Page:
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Representative Sereno Payne of New York was the first House Majority Leader, elected to the position in 1899.

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Majority Leaders of the House (1899 to present)

Sereno Payne/tiles/non-collection/i/im_people_majleader_2002_021_019.xml Collection of the U.S. House of Representatives
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Sereno Payne of New York chaired the Ways and Means Committee before becoming the House's first Majority Leader.
The House of Representatives, with its large membership, has relied on Majority Leaders since the late-19th century to expedite legislative business and to keep their parties united.

In the three decades following the Civil War, when America’s current two-party system crystalized, the concept of the Majority Leader was far more informal than it is today. At the time, the majority party depended on powerful committee chairmen—either from the Ways and Means Committee or the Appropriations Committee—to pull double duty as both chairman and as the majority’s legislative conductor on the House Floor.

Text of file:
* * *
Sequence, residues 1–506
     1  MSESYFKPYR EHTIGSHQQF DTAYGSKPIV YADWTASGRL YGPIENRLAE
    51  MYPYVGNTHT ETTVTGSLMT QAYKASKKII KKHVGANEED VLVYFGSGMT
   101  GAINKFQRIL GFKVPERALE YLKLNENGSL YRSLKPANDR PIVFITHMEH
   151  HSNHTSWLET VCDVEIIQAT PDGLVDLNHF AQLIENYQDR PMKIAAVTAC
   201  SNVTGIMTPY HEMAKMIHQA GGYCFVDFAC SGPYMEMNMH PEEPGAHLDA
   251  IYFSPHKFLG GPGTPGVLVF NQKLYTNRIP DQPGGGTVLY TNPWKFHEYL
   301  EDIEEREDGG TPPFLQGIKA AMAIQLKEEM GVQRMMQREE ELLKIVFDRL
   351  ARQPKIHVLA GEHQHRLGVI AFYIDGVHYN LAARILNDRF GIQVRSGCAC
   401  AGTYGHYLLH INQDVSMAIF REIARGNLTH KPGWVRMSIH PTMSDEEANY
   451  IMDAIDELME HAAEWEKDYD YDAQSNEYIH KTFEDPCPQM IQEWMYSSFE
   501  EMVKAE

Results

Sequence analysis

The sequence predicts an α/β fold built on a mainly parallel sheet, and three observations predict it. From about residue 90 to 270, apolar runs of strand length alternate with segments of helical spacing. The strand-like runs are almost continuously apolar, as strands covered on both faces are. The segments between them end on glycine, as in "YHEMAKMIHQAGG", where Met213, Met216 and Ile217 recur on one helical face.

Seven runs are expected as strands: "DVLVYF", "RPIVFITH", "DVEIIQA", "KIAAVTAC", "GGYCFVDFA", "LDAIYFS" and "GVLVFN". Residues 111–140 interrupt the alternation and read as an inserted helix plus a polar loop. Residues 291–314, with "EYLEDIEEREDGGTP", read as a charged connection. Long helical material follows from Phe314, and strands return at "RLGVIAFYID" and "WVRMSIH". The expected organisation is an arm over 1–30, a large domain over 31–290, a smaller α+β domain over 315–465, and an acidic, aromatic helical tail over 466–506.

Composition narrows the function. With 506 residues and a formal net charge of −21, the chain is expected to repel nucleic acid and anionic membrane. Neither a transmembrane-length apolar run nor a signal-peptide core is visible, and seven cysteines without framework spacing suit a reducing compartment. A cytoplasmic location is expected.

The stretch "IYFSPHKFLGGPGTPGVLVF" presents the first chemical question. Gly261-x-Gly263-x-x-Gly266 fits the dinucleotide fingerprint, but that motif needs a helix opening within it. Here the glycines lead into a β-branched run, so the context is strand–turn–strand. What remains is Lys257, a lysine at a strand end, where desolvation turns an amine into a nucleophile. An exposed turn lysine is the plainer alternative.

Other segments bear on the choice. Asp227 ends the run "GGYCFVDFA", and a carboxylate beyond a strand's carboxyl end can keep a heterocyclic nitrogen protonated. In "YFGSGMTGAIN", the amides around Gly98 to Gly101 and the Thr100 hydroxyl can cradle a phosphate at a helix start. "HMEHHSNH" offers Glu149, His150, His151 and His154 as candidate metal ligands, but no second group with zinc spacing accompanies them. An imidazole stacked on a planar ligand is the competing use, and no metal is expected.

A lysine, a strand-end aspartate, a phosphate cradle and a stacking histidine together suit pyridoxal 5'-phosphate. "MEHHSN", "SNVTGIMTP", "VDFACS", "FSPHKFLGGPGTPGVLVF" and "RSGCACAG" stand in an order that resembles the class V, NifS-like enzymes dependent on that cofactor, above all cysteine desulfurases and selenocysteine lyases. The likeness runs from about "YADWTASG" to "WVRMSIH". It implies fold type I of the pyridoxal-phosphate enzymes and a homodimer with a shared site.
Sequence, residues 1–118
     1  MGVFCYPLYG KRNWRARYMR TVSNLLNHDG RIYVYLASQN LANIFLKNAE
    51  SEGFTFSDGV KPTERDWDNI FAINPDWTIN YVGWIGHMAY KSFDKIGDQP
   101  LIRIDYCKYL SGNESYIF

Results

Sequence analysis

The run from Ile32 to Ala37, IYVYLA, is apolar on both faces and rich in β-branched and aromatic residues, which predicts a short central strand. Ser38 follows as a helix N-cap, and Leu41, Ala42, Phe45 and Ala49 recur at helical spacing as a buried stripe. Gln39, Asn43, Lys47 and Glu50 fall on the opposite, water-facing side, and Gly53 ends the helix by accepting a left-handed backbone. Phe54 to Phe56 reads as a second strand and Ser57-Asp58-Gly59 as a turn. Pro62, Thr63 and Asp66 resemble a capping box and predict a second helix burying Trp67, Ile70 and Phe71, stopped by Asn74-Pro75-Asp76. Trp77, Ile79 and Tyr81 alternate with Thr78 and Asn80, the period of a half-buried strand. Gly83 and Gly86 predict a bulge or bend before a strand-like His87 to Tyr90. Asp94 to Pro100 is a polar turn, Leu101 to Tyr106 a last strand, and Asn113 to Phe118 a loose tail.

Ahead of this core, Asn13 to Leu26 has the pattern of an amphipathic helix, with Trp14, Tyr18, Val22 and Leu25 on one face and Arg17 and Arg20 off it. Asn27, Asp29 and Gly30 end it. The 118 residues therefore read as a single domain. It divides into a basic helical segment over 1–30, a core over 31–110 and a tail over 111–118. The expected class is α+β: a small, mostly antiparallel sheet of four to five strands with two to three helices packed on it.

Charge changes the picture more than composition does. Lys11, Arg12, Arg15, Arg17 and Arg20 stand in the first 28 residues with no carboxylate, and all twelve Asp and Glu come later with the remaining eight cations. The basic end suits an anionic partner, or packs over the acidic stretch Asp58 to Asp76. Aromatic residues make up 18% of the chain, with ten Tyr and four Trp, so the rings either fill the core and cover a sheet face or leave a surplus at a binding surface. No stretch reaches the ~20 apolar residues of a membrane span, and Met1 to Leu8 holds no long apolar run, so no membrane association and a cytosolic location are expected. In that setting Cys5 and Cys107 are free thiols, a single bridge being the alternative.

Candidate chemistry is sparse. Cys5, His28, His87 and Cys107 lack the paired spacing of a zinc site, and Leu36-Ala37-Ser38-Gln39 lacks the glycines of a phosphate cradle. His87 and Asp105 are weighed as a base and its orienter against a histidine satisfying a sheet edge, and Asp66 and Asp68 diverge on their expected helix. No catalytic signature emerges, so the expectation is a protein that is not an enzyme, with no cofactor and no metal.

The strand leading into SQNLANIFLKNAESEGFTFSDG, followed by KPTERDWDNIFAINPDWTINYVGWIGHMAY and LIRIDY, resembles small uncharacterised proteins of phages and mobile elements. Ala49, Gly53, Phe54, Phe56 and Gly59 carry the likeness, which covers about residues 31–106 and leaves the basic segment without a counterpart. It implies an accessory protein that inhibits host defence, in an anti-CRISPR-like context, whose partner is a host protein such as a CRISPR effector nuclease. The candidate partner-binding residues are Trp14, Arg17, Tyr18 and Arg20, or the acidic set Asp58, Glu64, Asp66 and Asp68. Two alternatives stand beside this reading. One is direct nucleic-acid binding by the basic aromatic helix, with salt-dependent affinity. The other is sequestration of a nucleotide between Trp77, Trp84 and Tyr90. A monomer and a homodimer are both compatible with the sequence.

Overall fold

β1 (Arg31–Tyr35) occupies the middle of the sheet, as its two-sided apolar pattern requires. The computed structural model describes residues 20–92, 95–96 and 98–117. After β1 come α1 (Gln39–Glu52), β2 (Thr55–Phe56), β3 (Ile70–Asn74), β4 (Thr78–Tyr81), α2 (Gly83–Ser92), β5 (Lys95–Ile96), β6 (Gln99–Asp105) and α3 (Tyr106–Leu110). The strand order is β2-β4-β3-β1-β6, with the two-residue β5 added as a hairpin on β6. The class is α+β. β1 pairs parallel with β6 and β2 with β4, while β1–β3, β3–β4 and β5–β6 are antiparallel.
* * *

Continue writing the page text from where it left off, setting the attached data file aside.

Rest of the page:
That began to change on the eve of the 20th century. Although the earliest party leaders continued to serve as chairman of the Ways and Means Committee, historians and congressional scholars tend to agree that the Majority Leader became “a separate and consistently identifiable party office” in 1899, according to Randall B. Ripley in his study Party Leaders in the House of Representatives.

Initially, the Majority Leader was an appointed position, chosen by the Speaker. In 1899, Speaker David B. Henderson, a nine-term Republican from Iowa, selected Sereno Payne of New York to shoulder the responsibilities of serving as both Ways and Means chairman and Republican floor leader. When Democrats captured the majority following the 1910 elections, the party caucus maintained that dual arrangement, so that from 1899 to 1919, regardless of the party in power, whoever served as Ways and Means chairman also served as Majority Leader. In 1919, following the example set by Republican Leader Frank Mondell of Wyoming in the 66th Congress (1919–1921), Majority Leaders more or less stopped serving on committees.